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Articles Home » 1992 Articles » Black Sabbath - 1992 Dehumanizer
Black Sabbath - 1992 Dehumanizer

ARTIST: Black Sabbath
ALBUM: Dehumanizer
SERIAL: 7 13155-2
YEAR: 1992
CD REISSUE: 2011, EMI, EIRSCDX 1064 (bonus CD, remastered)


LINEUP: Ronnie James Dio - vocals * Tony Iommi - guitars * Geezer Butler - bass * Vinny Appice - drums *

Guest: Geoff Nicholls - keyboards

TRACK LISTING: 01 Computer God * 02 After All (The Dead) * 03 TV Crimes * 04 Letters From Earth * 05 Master Of Insanity * 06 Time Machine * 07 Sins Of The Father * 08 Too Late * 09 I * 10 Buried Alive


1992 saw the reunion of Black Sabbath and their former vocalist Ronnie James Dio. The reunion came about due to the departure of Tony Martin from Sabbath, and Ronnie's decision to put his own band Dio on hiatus following the disappointing sales of 1990's 'Lock Up The Wolves'. It was essentially the same lineup as 1981's 'Mob Rules' although the sound and direction taken with themes and lyrics is much different, darker and heavier. Originally, Sabbath drummer Cozy Powell had recorded material with the band leading into sessions for this album, though he suffered a horse-riding injury which prevented his further participation. Former Dio and AC/DC drummer Simon Wright was put forward as a replacement by Ronnie, but was overruled by the rest of the band; the drum-spot taken by Vinnie Appice, an acceptable choice for all concerned. Also returning is Geezer Butler, who hadn't been with Sabbath for years. 'Dehumanizer' is considered to be a 'lost classic' among the Sabbath back-catalogue, and even though it's 16 albums into their discography, long time fans couldn't really disagree, even if 1992 wasn't the best year to release it.

The Songs
The combination of Tony Iommi's heavy riffs and Ronnie James Dio's brutal vocals is the collision of two of HM's most influential members. In the current-day (2013) - if only we'd known about this back then, but prophetic that 'Computer God' is, given the way technology has taken over society in most facets of our lives. This is a track for all the doomed Apple fan-bois out there. 'After All (The Dead)' is a tortured slow-tempo affair with crashing cymbals that finally gets going after awhile. Dio is a snarling menacing force throughout. One of the faster tracks on the album is 'TV Crimes'. It compares favourably with material from 'Heaven And Hell' and 'Mob Rules' in terms of similarity of style. 'Letters From Earth' is a doom-laden spectacle, taking references from the Sabbath of olde. 'Master Of Insanity' keeps Sabbath late 80's style intact. It's mostly melodic all round, and does chop and change tempo to keep things interesting. I love the chugging riffs on 'Time Machine', combining Sabbath's early 80's sound with Dio's equally spellbinding material from the same era. No doom for a thousand clicks on this track folks! 'Sins Of The Father' probably has the most typical Sabbath sound from across their discography. Iommi's trademark guitar parts, plus some inter-stellar keyboards from guest Geoff Nicholls. If you listen closely, the riffs sound they were lifted from Armored Saint's 'Can U Deliver'. Strange but true. Call it acoustic doom or what have you, but 'Too Late' could be 'Don't Talk To Strangers' reconstructed for Sabbath's purposes. The definitive personification 'I' stands out for a number of reasons. Its no holds barred approach for starters, plus Dio's command of presence.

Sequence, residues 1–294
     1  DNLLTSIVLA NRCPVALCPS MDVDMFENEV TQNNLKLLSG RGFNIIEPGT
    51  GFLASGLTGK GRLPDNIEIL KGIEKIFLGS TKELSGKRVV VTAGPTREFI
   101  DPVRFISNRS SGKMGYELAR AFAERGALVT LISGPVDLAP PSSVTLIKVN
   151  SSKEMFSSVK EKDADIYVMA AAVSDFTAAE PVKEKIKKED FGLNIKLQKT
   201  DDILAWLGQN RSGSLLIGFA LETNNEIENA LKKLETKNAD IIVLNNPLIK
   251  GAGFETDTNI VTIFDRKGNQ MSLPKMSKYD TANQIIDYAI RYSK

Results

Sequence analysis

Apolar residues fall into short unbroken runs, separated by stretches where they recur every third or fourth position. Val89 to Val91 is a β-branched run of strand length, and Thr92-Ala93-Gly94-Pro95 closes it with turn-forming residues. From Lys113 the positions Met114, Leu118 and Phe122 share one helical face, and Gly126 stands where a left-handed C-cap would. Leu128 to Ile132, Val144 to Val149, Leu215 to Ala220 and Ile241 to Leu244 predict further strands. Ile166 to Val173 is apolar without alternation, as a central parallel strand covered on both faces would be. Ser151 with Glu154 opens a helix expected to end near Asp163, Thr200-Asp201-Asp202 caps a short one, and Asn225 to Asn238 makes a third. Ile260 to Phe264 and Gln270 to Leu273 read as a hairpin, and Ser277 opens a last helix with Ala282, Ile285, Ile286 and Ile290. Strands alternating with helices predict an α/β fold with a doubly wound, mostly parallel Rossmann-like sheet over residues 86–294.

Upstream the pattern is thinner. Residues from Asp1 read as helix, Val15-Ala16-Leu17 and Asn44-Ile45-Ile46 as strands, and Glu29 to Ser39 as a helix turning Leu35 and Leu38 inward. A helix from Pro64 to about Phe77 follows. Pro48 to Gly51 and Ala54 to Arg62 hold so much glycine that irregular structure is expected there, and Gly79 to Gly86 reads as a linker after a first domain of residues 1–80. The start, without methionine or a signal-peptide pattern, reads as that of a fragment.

In Summary
Of course I have written this article as a lead-in to Sabbath's latest 2013 album featuring Ozzy Osbourne. This follows Iommi's band Heaven And Hell being put on-hold since the passing of Ronnie James Dio in recent years. Just how Sabbath 2013 will fare is anyone's guess. Most of us know that there's nothing wrong with Iommi's skill-set given the ravaging of time, but the same can't be said for Osbourne. Only time will tell I guess. In the meantime, warm up with some vintage 21 year old Sabbath featuring the late great Ronnie James Dio.

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#1 | AOR Lee on February 14 2013 04:41:51
I bought this at the time of release and found it very abrasive and hard to get into at first. Time has been good to it though, enjoying it for what it is
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